A love quadrangle based on "My Best Friend's Wedding" template, "Wedding Pullav" is a stale, over-cooked and spiceless tale, with predictable romance tropes from the very first frame to the last.
Motorbike designer Aditya Sodhi aka Aadi (Diganth Manchale) is all set to get engaged to Riya (Sonnalli Seygall), an industrialist's daughter, when he guiltily realises that his childhood friend, Anushka aka Lambu, is missing.
Lo and behold, Lambu announces her entry with the bang of the band!
As the friends reunite, we learn that Aadi's latest designer bike is to be launched by his prospective father-in-law and Lambu has a boyfriend Jay (Karan Grover), an artist who specialises in nudes, stowed away in London.
On the mention of Jay, Aadi's resentful antennae perk up, but he does nothing about it.
The friends, excited that Anushka too has a boyfriend and that they plan to get married soon, propose that Anushka and Jay should get married at the same time as Aadi and Riya.
So together with their respective partners, they decide to marry at Aadi and Riya's pre-planned destination in Thailand.
So far un-convoluted but cliched, the entire coterie, family and friends land up at the wedding destination to cook the Wedding Pullav!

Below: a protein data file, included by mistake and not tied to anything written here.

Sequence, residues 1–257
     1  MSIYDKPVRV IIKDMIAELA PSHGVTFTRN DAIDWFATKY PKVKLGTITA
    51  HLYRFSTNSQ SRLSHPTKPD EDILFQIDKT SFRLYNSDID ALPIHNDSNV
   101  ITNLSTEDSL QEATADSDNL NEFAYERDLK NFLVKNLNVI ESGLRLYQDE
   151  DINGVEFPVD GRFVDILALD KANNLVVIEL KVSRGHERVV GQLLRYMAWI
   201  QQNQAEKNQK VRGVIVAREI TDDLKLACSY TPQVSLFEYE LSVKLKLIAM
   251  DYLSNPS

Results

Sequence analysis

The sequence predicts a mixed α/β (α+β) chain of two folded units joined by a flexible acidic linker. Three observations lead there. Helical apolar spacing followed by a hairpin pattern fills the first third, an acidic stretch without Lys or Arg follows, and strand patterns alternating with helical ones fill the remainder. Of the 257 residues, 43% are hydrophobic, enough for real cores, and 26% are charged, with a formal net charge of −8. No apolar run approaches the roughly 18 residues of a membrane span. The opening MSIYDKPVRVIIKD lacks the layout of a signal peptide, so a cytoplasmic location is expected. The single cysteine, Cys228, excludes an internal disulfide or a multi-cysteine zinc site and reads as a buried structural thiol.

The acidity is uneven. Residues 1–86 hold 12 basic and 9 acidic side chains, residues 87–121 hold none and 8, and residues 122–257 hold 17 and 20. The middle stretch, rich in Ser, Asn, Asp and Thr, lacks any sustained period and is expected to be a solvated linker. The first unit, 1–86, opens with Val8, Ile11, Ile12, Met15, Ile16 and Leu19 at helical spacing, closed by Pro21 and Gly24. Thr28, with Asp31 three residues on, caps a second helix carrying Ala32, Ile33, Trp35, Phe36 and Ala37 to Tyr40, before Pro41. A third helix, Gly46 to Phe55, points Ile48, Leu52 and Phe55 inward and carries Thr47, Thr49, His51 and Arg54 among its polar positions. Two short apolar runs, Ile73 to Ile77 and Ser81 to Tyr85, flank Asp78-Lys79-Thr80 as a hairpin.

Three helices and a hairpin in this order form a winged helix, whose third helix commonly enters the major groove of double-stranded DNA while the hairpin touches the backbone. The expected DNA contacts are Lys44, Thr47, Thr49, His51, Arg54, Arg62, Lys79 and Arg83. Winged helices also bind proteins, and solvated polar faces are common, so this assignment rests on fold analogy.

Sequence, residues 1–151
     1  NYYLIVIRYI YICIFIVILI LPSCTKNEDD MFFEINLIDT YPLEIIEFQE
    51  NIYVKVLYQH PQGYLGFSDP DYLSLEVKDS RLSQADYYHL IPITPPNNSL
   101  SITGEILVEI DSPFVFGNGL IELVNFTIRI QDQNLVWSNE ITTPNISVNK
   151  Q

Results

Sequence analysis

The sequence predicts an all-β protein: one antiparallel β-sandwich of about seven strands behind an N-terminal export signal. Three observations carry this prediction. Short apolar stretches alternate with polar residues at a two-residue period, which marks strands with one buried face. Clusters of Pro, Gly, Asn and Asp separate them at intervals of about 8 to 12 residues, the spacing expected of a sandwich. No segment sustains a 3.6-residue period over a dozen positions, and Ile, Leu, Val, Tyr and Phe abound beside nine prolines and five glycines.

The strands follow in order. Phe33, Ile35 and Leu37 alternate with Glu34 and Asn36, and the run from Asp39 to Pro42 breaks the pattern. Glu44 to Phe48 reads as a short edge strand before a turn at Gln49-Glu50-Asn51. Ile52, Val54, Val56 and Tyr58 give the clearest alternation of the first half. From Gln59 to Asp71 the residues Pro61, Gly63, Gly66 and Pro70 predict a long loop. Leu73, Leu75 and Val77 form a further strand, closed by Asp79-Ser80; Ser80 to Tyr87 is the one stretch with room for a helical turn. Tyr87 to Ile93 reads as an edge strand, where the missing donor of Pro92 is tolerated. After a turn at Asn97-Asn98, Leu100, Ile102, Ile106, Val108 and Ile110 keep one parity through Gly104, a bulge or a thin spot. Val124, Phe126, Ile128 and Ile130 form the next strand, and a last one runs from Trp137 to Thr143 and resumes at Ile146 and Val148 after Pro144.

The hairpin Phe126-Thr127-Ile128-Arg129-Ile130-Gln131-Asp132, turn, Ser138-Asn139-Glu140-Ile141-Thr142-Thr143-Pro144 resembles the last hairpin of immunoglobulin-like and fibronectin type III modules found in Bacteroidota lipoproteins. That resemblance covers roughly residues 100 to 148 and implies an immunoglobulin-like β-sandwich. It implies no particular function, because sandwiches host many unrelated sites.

The only novelty in this overture is the fairly competent performances by Anushka Ranjan, Diganth Manchale and Karan Grover. While Anushka is confident, dimple faced Diganth with his well-chiselled physique is self-assured and charming. Karan Grover seems a bit lost among the lot and Sonnalli holds her stead competently.
Of the supporting cast, it is the young coterie Ali Khan as Batli, Neha Tomar as Niky and the character Peta who are worth a mention.
The rest of the senior actors, ham their way through.
Satish Kaushik and Upasana Singh as Aditya's parents Ravinder and Sweety are stereotypical Punjabis. So is Himani Shivpuri as Gulabo, Anushka's flirtatious "Dadi" -paternal grandmother.
Parmeet Sethi and Kitu Gidwani as Riya's parents; Kumarshaab and Amrita are perfunctory.
Rishi Kapoor as Mr. Lovinder Kapoor aka Luv Kapoor the ever-obliging, General Manager of the wedding destination is a big disappointment. He walks through his role dispassionately.
With verbose expositions, the undoing of this elaborate Wedding Pullav, is the fraught with "tell and show" scenes that are incorporated in the lazily drafted script. Evident among the few are, "Aadi aur Jay, ki bajegi band in Thailand" and "Itne saare balloons, solid drama haia"
Humour is forced and the dialogues are shallow, frivolous and lacks class.
The classification of the families too, seem grossly mismatched making the entire Pullav hackneyed and difficult to digest.